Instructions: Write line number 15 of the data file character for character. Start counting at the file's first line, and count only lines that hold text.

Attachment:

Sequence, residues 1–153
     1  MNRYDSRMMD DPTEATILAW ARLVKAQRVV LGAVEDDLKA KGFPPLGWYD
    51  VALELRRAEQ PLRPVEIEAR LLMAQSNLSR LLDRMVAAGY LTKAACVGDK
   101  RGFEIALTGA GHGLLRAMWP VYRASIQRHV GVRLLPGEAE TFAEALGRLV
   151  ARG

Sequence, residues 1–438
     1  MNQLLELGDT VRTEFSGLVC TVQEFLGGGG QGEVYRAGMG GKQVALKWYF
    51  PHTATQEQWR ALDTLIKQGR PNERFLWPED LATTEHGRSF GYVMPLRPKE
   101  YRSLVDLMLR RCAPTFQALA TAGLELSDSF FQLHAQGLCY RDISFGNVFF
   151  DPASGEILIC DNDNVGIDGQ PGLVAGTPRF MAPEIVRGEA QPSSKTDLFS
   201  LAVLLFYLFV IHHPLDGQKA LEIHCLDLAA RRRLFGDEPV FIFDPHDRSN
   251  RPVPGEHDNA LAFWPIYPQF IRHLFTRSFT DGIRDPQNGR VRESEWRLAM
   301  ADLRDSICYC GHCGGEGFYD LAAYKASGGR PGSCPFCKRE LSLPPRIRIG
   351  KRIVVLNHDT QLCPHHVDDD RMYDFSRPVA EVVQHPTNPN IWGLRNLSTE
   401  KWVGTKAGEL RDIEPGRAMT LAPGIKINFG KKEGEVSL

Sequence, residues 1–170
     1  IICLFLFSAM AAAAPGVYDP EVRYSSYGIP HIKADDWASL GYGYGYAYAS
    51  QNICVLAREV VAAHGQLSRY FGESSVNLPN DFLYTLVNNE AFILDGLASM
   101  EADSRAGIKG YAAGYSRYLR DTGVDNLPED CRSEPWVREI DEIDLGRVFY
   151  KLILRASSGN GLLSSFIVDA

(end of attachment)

   401  KWVGTKAGEL RDIEPGRAMT LAPGIKINFG KKEGEVSL